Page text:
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Olympic travel tips: web and mobile resources for transit info during the Games

Olympic travel tips: web and mobile resources for transit info during the Games

This particular set of tips is useful for both visitors and current residents! Please pass it along to others who might find this useful!

So far in the Olympic tips series: info on tickets, bike info, Park and Rides, a guide to transit staff, where to find real-time transit info online, and transit etiquette. Let me know if I should add anymore!

This lady is checking for transit alerts at <a href=>TransLink's Twitter account</a>, or maybe at <a href=></a>. There's so many options!
This lady is checking for transit alerts at TransLink's Twitter account, or maybe at There's so many options!

If you want the latest about transit and traffic during the Games, we’ve got several web and mobile resources where you can look. Almost all will have real-time updates!

Here’s the overview:

And here’s a little more about all of them!

The transit alerts page

The alerts page on the TransLink website will be updated as soon as possible by Customer Information, who have increased staff numbers and will be on duty 7 days a week, 5:30 a.m. to 1:30 a.m.

(Customer Information is our call centre run by CMBC, and they handle visitor inquiries, journey planning and other inquiries about the system. Reach them at 604-953-3333.)

The TransLink Twitter account

The TransLink Twitter account ( will be updated by our communications team from 5 a.m. to 1 a.m. every day, February 8 to March 3.

A whole bunch of staff are taking shifts, and they’ll be receiving info directly from the Transportation Management Centre and other official feeds. (And customers like you, of course!)

You don’t need to have a Twitter account to subscribe – you can just go visit the page and refresh it to see what’s new. Or you can add its RSS feed to your newsreader.

Those with Twitter accounts can of course use their favourite Twitter mobile or web clients to keep track of the updates.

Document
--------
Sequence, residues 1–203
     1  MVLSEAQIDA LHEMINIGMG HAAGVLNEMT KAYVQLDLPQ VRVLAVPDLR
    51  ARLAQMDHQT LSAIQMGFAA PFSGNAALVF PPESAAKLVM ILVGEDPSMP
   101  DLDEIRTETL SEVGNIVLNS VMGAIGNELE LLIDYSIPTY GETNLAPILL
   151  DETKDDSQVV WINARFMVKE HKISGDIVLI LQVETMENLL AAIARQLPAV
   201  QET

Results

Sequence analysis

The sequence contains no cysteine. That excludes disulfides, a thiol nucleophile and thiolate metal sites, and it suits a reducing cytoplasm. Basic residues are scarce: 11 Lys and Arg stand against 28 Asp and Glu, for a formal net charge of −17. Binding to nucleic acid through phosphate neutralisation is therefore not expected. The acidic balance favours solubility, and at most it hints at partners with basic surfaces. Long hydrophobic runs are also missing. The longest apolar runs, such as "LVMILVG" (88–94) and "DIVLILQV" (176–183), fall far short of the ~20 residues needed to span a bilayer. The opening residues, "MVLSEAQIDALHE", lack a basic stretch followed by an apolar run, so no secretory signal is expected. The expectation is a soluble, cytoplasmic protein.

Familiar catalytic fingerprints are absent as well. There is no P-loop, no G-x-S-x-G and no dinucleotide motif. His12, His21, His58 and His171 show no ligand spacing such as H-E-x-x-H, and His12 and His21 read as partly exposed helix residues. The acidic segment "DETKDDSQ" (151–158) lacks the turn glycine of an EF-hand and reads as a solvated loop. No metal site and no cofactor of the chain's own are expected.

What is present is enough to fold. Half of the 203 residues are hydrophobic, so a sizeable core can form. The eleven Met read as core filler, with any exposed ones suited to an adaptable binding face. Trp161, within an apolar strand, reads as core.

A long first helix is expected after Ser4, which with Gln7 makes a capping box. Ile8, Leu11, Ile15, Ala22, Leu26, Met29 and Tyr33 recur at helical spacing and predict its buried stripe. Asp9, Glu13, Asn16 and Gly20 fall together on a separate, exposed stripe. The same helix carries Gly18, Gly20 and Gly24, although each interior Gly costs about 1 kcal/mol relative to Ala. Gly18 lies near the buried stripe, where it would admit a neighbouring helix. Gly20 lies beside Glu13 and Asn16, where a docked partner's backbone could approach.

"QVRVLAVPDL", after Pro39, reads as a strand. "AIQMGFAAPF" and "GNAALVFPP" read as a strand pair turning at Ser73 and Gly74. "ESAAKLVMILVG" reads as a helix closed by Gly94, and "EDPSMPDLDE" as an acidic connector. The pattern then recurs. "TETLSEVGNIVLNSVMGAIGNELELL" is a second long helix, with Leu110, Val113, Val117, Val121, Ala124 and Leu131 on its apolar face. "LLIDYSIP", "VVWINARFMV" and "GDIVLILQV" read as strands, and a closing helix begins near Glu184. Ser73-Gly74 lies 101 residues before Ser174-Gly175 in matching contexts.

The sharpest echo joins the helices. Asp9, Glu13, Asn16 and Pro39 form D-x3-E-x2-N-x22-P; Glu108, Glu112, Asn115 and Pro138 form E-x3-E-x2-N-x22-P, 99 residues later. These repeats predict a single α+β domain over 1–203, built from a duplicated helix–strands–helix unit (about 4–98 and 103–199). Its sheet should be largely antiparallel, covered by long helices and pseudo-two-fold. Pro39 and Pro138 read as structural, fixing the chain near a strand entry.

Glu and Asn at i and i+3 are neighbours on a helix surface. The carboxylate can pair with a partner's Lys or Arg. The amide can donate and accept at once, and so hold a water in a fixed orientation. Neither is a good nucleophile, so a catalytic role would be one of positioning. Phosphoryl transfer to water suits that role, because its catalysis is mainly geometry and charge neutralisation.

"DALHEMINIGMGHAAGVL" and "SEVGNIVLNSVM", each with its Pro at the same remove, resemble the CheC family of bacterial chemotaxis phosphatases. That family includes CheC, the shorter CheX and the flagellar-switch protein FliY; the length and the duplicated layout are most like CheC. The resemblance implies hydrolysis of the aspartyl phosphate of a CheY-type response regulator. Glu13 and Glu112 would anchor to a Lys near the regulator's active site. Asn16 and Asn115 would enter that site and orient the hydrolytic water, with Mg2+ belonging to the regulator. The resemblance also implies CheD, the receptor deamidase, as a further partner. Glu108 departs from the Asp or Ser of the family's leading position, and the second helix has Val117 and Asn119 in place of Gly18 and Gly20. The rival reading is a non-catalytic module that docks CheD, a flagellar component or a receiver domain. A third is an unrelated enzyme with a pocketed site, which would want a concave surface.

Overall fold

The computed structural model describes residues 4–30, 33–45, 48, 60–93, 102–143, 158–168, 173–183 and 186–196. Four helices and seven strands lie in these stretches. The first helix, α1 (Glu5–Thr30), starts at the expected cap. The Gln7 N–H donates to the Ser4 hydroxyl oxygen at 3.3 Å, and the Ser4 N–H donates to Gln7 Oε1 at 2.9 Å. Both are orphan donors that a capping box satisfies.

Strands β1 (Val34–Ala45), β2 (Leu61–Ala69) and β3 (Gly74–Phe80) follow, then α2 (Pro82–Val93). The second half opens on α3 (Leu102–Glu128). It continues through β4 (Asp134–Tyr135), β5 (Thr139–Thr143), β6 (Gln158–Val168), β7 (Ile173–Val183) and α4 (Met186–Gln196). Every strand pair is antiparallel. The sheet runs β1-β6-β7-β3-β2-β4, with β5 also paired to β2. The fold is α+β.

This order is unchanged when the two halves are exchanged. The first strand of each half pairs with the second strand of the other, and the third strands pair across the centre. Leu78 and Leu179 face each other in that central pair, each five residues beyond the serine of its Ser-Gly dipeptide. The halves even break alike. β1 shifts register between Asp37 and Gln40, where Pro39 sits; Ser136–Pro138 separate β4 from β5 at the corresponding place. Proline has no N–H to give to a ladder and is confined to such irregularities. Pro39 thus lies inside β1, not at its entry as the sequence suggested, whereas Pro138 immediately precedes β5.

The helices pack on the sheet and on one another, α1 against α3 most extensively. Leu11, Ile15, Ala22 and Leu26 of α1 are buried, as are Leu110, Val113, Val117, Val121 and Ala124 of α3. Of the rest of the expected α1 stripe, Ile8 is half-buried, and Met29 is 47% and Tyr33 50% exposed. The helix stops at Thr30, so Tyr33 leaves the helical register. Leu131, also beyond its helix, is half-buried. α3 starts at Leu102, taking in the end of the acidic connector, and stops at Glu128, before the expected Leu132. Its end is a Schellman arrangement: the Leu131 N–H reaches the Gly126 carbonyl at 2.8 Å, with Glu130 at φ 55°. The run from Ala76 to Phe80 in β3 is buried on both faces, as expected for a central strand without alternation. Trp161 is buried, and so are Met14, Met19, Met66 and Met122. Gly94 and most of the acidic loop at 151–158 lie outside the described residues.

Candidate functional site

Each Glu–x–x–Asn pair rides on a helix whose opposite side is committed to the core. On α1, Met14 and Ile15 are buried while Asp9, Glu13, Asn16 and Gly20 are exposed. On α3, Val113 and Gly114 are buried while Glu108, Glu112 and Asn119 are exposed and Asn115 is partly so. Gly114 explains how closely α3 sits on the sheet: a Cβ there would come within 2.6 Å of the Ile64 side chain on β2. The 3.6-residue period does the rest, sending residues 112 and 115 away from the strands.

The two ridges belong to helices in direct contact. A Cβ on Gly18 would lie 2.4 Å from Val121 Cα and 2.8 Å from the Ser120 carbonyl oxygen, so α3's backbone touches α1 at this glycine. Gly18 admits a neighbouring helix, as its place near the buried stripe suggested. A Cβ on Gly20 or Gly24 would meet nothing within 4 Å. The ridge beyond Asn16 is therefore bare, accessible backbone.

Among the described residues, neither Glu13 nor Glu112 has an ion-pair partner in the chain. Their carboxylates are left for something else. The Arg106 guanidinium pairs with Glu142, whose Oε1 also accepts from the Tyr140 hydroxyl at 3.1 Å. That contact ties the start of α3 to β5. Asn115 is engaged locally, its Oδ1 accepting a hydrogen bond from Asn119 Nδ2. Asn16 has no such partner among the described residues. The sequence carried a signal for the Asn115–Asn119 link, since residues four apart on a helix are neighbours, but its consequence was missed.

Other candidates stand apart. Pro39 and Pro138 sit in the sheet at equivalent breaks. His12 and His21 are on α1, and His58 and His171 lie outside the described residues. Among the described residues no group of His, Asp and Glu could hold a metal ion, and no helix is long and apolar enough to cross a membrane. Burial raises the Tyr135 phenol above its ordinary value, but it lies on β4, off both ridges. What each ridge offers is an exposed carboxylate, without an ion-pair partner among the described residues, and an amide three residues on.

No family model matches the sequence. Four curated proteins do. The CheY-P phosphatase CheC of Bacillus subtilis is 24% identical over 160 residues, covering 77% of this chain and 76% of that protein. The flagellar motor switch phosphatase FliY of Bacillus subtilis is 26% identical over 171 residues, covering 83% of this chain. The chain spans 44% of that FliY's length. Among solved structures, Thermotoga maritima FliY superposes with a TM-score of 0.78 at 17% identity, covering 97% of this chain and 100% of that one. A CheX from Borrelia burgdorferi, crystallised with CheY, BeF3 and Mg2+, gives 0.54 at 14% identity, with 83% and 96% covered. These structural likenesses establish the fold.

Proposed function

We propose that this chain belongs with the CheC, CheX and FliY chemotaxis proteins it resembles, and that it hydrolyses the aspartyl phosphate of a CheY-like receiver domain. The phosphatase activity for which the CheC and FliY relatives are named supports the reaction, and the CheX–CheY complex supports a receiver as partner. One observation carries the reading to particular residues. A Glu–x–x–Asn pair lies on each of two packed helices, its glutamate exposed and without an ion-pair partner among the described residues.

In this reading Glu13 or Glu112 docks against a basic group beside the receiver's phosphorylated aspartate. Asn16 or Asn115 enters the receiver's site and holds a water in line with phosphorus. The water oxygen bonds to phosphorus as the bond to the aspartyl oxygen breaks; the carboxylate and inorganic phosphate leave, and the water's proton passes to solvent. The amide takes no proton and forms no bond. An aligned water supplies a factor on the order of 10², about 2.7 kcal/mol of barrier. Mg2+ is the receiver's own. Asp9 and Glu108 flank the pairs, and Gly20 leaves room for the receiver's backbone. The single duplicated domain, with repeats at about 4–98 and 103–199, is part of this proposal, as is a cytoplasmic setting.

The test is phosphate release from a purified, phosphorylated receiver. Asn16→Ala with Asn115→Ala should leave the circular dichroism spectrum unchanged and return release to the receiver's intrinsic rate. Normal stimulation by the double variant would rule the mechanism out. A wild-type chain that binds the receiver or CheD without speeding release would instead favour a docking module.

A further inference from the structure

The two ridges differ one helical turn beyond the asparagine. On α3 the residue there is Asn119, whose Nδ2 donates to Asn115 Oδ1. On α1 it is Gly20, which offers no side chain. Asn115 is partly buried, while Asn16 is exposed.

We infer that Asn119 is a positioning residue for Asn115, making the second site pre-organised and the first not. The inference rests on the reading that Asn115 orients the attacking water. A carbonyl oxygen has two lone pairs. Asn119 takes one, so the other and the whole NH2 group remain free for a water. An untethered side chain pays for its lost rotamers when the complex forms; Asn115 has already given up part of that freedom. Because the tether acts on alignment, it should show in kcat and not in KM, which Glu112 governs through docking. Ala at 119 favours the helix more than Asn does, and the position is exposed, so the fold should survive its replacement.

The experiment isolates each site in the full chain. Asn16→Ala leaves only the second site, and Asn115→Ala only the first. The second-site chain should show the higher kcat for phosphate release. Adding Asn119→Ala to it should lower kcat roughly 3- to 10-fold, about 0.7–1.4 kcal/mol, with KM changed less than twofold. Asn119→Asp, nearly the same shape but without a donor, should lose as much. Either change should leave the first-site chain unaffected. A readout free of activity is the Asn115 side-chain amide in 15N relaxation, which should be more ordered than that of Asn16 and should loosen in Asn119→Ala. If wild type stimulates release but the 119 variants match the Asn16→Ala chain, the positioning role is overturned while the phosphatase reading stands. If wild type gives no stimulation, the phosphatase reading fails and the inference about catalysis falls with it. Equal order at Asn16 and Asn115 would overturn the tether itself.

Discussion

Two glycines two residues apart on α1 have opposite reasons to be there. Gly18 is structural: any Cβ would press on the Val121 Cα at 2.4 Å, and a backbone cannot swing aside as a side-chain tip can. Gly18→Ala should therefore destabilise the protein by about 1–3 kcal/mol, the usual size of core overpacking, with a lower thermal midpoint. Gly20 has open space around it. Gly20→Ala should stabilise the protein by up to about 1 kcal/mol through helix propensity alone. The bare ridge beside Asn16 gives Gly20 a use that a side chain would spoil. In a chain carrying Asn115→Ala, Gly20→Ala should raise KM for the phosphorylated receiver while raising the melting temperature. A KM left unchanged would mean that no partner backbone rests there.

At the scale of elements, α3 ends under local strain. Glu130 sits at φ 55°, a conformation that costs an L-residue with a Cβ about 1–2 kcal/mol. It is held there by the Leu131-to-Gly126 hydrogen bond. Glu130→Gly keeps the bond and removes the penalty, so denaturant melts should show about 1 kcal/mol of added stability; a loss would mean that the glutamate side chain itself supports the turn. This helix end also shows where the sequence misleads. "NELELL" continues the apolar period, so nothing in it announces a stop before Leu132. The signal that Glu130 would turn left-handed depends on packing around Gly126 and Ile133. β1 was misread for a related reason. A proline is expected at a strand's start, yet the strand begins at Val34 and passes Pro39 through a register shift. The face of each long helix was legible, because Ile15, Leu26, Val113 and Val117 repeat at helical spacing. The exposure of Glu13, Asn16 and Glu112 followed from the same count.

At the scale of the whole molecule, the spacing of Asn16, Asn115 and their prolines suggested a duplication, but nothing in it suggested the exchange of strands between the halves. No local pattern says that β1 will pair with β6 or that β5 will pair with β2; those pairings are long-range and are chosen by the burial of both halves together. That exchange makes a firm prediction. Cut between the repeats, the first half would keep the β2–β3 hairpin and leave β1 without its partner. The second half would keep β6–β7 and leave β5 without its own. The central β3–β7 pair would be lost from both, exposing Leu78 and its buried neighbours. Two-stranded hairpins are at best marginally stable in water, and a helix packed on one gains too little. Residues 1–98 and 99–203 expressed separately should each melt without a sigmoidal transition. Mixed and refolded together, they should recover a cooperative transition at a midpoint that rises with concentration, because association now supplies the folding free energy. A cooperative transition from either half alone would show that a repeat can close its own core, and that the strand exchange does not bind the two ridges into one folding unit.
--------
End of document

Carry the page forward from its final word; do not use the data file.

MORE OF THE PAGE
Sign up for alerts via text or e-mail

You can get transit alerts delivered straight to you by text message or e-mail! See this blog post for how to sign up and more.

Interactive Google map on the TransLink website

A rough version of the interactive Google map that we will be updating with Games traffic info.
A rough version of the interactive Google map that we will be updating with Games traffic info.

Click here to see the Google map of road and transit alerts!

This is a super exciting tool: TransLink and our key transportation partners will use a Google Map across,,, and other partner sites (I hear CBC is on board, and other media outlets too.)

You’ll be able to turn layers of content on and off for 2010 Games venues, entertainment sites, Olympic Lanes, road closures, and alerts for incidents and issues. It will be right on the front of the TransLink site, and TransLink staff will be updating it from 5 a.m. to 1 a.m. every day.

The trip planner

The trip planner has all the Games time reroutes and alerts in it, so if you plan your trip through it, you will get notified about the transportation issues that might affect your journey.

Remember, you can access the trip planner through your smartphone when you’re on the go! Just surf to, and the site will recognize that you’re using a mobile device and present you with the mobile version.

RSS feed of road and transit alerts

We now have an RSS feed which sends out the latest updates on road and traffic conditions. (Here’s an explanation of RSS.)

You don’t even need a special reader or app or anything — just click on the RSS feed link in your smartphone’s mobile browser, and then refresh the page to get the latest updates.

The RSS feed is linked to our traffic and transit alerts map, by the way. Every time the map gets updated with new info, the RSS feed is automatically updated too.

Our mobile TransLink site and

Our mobile site,, will be updated with service alerts—staff is planning to be quite vigilant about updating it during the Games.

Visit (it has a mobile version!) and you can find out alerts as well. It will be redesigned from its current look to incorporate the Google Map, real-time alerts, and more traffic info.

The Buzzer blog

Well, that’s right here! And to be honest, you should really use the tools listed above for real-time updates — I will be notifying you on the blog if something bigger happens that requires more explanation, or if an ongoing disruption occurs. (There’s a whole staff behind all of the other services on shift all day, and just one of me on the blog.)

Hope this helps! And let us know what you think, as always.


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